It’s easy to adjust but not especially comfortable
Every version of the Jazz has a generous range of steering wheel and driver’s seat adjustment, so getting the driving position just right is extremely easy.
However, the driver’s seat isn’t especially supportive. It’s quite poorly padded around the lower back and sides. Fortunately, the pedals line up nicely, so the driver doesn’t become too uncomfortable on long journeys. A front centre armrest is standard.
Honda Jazz visibility
Good view all-round, and SE brings front and rear sensors
Impressively, front and rear parking sensors are standard from SE trim upwards. However, regardless of trim level, the Jazz is easy to thread along busy urban roads and to park in cramped multi-storey bays. This is because its windscreen is tall and wide, while its front pillars are slim enough that they don’t obscure your vision. The front side windows are deep, too, and provide a good view of roundabouts and T-junctions.
There’s more good news when you look over your shoulder. The rear screen and side windows are uniformly deep, while the rear pillars are slim and upright. The rear windscreen demister is quick and effective.
Honda Jazz infotainment
Good standard kit, but touchscreen looks and feels dated
Not surprisingly, in terms of infotainment, entry-level S models are the most basic in the Jazz range. Even so, they have a colour screen controlled using two rotary dials, and with shortcut buttons located around it. Bluetooth, DAB radio, aux and USB connections, four speakers and a multi-function steering wheel come as standard.
Spending a little extra on SE trim – which we’d recommend you do – brings a larger, more advanced 7.0in touchscreen system with a CD player and an additional USB connection. This system allows greater integration of your smartphone, and supports certain apps on the screen. If you want a sat-nav, you’ll need to go for one of the ‘Nav’ models higher up the range.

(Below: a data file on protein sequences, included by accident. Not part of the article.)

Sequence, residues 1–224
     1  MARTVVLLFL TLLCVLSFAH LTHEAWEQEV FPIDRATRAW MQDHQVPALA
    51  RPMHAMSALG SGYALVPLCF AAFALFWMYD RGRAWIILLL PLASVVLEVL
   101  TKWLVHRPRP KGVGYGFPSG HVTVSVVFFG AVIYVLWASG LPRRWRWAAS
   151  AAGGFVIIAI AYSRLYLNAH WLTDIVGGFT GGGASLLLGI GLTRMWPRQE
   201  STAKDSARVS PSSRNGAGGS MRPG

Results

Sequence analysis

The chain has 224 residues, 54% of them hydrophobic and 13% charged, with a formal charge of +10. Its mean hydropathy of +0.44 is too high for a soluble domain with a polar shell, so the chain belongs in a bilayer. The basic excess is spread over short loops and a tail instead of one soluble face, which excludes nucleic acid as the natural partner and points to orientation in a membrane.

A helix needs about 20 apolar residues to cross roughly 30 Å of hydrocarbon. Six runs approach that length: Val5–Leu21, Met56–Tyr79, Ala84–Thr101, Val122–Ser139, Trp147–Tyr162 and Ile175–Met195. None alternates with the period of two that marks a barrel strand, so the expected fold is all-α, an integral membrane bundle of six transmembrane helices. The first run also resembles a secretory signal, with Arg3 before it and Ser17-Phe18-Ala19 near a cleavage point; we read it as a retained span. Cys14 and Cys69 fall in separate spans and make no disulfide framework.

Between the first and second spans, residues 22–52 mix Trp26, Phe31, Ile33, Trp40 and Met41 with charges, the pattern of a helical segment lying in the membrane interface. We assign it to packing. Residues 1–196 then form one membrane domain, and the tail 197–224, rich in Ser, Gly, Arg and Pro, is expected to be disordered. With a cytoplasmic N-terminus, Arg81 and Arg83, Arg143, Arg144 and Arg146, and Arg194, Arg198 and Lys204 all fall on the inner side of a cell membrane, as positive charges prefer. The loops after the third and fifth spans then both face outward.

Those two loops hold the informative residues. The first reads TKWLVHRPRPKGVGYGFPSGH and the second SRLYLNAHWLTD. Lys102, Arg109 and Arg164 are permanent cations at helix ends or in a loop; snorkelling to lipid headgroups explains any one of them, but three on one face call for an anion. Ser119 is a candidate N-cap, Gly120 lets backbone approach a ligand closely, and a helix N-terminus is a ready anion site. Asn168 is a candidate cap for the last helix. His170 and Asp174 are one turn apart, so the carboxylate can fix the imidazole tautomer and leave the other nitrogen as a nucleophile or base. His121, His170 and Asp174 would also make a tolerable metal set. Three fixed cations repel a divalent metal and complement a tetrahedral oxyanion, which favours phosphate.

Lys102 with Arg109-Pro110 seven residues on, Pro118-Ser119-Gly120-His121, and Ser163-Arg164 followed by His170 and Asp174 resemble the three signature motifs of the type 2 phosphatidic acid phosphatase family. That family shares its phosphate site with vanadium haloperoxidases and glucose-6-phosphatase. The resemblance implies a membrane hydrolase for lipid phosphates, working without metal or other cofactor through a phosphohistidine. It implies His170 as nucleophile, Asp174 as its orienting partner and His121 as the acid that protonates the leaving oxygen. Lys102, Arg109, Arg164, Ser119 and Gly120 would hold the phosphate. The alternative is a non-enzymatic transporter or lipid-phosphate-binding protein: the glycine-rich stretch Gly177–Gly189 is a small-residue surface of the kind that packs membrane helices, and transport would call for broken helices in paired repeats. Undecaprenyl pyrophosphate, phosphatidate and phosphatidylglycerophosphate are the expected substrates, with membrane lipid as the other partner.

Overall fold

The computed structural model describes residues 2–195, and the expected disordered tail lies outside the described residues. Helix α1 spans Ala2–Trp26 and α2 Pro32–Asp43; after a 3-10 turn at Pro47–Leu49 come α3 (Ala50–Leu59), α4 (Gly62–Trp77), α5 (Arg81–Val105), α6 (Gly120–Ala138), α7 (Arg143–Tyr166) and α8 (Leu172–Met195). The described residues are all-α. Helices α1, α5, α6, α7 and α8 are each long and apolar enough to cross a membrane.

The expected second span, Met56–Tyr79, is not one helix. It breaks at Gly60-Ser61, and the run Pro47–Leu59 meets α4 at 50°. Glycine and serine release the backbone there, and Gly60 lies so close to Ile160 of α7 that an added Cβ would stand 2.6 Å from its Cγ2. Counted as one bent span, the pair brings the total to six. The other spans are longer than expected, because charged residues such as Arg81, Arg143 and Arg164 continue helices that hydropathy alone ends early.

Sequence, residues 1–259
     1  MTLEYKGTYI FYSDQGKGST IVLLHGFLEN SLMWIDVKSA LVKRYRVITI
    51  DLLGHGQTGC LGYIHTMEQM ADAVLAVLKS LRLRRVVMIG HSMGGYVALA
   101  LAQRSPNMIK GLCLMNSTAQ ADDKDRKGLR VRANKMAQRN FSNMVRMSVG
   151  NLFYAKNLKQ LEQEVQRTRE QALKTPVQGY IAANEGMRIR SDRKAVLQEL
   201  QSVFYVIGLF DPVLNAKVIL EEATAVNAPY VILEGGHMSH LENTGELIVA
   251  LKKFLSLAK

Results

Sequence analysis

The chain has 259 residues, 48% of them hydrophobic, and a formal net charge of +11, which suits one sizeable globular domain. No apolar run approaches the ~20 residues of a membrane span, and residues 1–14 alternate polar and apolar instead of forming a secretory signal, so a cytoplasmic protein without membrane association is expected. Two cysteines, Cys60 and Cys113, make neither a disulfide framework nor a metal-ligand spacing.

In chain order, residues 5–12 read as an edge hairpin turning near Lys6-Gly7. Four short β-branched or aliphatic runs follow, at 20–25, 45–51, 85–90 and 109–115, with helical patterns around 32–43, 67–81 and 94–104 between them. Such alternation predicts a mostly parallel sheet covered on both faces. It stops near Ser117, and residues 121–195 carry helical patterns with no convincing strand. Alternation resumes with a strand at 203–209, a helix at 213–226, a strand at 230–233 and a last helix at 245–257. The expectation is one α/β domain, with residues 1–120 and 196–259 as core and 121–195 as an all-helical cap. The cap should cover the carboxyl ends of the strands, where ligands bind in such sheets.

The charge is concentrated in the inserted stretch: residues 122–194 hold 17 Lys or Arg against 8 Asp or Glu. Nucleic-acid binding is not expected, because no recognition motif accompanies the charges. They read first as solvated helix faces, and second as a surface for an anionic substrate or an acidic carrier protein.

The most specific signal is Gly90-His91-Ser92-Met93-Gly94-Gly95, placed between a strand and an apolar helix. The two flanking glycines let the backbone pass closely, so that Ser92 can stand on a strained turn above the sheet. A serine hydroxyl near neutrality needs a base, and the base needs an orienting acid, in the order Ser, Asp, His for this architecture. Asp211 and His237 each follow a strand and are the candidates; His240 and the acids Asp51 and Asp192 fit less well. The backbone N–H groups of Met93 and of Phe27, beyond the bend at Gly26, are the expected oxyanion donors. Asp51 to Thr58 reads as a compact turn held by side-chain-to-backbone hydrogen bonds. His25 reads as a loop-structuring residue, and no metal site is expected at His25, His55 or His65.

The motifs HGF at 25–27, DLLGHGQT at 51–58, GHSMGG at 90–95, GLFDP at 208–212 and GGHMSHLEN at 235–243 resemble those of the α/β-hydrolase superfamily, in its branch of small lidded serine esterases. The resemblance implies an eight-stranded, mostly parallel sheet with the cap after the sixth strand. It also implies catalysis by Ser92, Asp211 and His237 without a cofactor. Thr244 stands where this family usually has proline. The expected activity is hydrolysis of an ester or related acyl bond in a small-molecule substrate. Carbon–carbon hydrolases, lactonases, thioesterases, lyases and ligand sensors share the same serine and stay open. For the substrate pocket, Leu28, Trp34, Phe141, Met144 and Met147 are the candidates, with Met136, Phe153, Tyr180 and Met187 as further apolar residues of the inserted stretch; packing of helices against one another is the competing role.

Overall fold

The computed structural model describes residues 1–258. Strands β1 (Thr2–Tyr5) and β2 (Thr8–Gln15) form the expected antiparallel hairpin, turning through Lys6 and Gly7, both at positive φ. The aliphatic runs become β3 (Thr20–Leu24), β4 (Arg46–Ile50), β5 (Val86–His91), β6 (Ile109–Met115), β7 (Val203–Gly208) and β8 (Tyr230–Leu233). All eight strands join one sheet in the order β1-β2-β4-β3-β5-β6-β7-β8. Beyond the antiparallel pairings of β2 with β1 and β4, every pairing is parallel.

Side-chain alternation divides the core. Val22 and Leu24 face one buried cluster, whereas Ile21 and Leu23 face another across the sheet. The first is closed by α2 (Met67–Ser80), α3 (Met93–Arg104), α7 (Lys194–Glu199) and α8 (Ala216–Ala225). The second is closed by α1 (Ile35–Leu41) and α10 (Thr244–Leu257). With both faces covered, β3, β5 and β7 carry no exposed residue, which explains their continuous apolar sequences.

The SE’s upgraded system is relatively straightforward to use with big bright buttons and menus, but its on-screen graphics aren’t the sharpest on the market, while the screen isn’t always the most responsive to the touch.
The Jazz’s infotainment provision is broadly on a par with rivals such as the VW Polo and Skoda Fabia. We prefer the Polo’s clarity and greater ease of use. The Fabia’s system is good, too, but a sat-nav is not offered at any level. Instead, you have to connect your phone and access sat-nav services via an app.
Honda Jazz build quality
Sturdy rather than plush
The general look and feel of the Jazz chimes with the model’s practical nature. That’s not to say the interior looks low-rent; it has lots of piano-black plastics and silver accents, even if the latter aren’t especially convincing.
It’s only once you start operating the Jazz’s switchgear and door handles that you realise these same plastics are built for longevity, rather than to give the impression of luxury. There are few dense, soft-touch surfaces, while the plastics farther down the dash are scratchy and brittle feeling. EX models have a leather-covered steering wheel and gearlever, both of which give the cabin a welcome lift.